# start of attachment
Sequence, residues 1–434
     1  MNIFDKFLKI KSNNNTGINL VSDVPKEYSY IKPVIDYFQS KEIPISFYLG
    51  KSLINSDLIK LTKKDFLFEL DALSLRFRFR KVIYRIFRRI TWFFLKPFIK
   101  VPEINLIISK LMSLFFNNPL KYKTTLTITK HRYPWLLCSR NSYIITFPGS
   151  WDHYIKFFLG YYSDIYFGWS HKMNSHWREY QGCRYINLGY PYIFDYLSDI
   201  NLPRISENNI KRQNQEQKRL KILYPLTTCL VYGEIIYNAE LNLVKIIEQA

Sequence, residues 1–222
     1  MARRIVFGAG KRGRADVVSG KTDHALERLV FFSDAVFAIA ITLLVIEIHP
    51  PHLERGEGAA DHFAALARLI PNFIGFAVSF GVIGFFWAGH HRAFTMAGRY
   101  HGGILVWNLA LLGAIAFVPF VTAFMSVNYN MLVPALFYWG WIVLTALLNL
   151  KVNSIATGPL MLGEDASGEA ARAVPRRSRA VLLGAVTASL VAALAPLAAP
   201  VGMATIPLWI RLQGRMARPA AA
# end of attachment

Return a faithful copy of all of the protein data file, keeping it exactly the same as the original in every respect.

Sequence, residues 1–434
     1  MNIFDKFLKI KSNNNTGINL VSDVPKEYSY IKPVIDYFQS KEIPISFYLG
    51  KSLINSDLIK LTKKDFLFEL DALSLRFRFR KVIYRIFRRI TWFFLKPFIK
   101  VPEINLIISK LMSLFFNNPL KYKTTLTITK HRYPWLLCSR NSYIITFPGS
   151  WDHYIKFFLG YYSDIYFGWS HKMNSHWREY QGCRYINLGY PYIFDYLSDI
   201  NLPRISENNI KRQNQEQKRL KILYPLTTCL VYGEIIYNAE LNLVKIIEQA

Sequence, residues 1–222
     1  MARRIVFGAG KRGRADVVSG KTDHALERLV FFSDAVFAIA ITLLVIEIHP
    51  PHLERGEGAA DHFAALARLI PNFIGFAVSF GVIGFFWAGH HRAFTMAGRY
   101  HGGILVWNLA LLGAIAFVPF VTAFMSVNYN MLVPALFYWG WIVLTALLNL
   151  KVNSIATGPL MLGEDASGEA ARAVPRRSRA VLLGAVTASL VAALAPLAAP
   201  VGMATIPLWI RLQGRMARPA AA